Observe piglet behaviour and look out for fading piglets, take remedial action by fostering and providing electrolytes or additional milk.
Selective cross-fostering of low birth weight pigs with similar weight littermates can improve birth-to-weaning average daily gain (ADG) and pre-weaning performance.
It is a disadvantage for small piglets to have to compete with larger littermates and litters of small piglets should be created from all the ‘smalls’ born in a given farrowing day. Foster-litters of small piglets should be put with low-parity sows – the teat size of a low-parity sow will match the small mouths of the piglets.
A non-competitive environment is important for low birth weight pigs in early life; this can be achieved, for example, by cross-fostering.
Provision of supplementary milk can reduce birth weight variation to slaughter weight, although does not always benefit overall performance.
The combination of these two management techniques will ensure costs are kept low, rather than providing supplementary milk to an unnecessary large number of litters.
Improving nutrition, rather than upping the levels of feed, may be something to consider. The correct choice of starter feed regime is critical to minimise the post-weaning growth check as piglets transition from liquid to solid feed.
Feeding a high specification starter diet, with extra feed (corresponding to the last diet of the starter regime), could improve low birth weight pig performance to 10 weeks of age, and result in a similar nursery exit weight of low birth weight and normal birth weight pigs.
Feeding a high specification diet was not effective when offered from nine weeks of age, suggesting a critical window for intervention.
Research suggests that not only can low birth weight pigs benefit from an improved dietary regime, but that it is cost-effective for producers with an increased return per pig, and should be preferred to a standard commercial regime, which has a poorer margin over feed cost. For normal birth weight pigs, the standard commercial regime was the least expensive and had the greatest margin over feed cost.
Separation of pigs with low birth weight at weaning will allow selective feeding of an improved regime, as heavier pigs are best suited to a standard commercial diet.
Additional research has shown that nutritional treatments at different stages can affect the outcome:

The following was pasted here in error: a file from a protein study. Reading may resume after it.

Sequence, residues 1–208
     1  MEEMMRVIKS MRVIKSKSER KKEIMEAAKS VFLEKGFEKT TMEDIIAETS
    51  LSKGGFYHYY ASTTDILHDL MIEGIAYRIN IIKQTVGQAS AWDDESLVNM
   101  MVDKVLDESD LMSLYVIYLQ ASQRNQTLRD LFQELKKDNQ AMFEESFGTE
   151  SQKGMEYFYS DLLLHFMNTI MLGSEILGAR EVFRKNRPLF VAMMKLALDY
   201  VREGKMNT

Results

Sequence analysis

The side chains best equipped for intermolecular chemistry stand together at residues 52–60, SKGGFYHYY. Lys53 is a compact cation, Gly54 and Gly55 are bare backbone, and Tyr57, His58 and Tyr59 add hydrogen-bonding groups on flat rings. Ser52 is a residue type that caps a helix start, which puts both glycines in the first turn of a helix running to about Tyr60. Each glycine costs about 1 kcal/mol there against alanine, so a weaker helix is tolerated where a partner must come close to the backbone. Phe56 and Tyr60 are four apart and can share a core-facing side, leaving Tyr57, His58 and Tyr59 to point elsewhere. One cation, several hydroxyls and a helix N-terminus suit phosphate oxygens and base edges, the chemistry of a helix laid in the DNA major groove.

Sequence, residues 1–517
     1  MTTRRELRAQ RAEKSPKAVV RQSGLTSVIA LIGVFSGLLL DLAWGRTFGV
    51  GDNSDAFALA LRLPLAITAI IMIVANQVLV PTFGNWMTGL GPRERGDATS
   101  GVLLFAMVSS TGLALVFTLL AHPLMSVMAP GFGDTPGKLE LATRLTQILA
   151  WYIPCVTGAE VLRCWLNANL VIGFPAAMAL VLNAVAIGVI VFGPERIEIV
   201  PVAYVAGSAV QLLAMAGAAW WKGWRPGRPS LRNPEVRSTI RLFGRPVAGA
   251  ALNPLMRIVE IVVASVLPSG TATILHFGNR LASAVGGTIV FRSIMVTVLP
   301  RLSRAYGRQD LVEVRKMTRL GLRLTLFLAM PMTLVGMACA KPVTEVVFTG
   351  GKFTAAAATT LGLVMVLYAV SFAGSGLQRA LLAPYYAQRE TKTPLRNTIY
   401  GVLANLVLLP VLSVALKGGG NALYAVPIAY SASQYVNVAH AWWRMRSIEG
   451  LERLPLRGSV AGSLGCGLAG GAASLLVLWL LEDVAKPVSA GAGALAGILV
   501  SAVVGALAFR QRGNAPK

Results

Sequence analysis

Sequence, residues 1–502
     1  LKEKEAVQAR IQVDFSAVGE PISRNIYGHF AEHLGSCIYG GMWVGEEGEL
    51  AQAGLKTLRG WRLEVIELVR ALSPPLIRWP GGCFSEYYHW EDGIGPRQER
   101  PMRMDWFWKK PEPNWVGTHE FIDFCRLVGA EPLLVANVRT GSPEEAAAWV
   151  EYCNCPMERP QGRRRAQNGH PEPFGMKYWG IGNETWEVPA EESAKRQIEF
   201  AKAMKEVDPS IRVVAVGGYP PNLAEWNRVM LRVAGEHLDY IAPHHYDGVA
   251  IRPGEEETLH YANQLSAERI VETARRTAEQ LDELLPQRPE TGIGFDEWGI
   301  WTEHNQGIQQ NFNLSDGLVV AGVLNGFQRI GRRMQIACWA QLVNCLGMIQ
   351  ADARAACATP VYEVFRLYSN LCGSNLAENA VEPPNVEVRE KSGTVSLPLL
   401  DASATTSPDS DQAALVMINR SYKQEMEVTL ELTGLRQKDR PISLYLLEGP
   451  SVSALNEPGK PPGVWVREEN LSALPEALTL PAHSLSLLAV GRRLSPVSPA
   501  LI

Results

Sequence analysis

- Specialised diets fed at weaning can improve performance to the end of the nursery phase and are more cost-effective than feeding a standard commercial regime
- Provision of supplementary milk does not benefit low birth weight piglet performance, but it does reduce the BW variation in mixed litters
- Low birth weight pigs may not benefit from a diet higher in amino acids: energy fed at nine weeks of age (growers)
Economic implications of low birth weight pigs
Contrary to current assumptions, low birth weight pigs can perform very well if managed and fed appropriately. Improved growth rates and low pre-weaning mortality rates can be achieved with extra care of low birth weight pigs.
The economic impact of rearing low birth weight pigs will depend on:
- Their ability to convert feed efficiently
- Financial penalties at the abattoir
- Costs associated with managing variation during production
- Current pig and feed prices
- Birth weight can have a significant effect on future growth, with initial differences in body weight continuing with age
- Weaning weight also plays a critical role. Any additional weight that is gained as a result of treatment is likely to be retained at slaughter
- Environmental factors at different stages of production may limit the growth of low birth weight pigs
- Nutritional treatments at different stages of production (lactation, weaner, grower) can affect the outcomes
- If provided with optimal dietary regime, this can be exploited to reduce the difference in weight between light pigs and their heavier littermates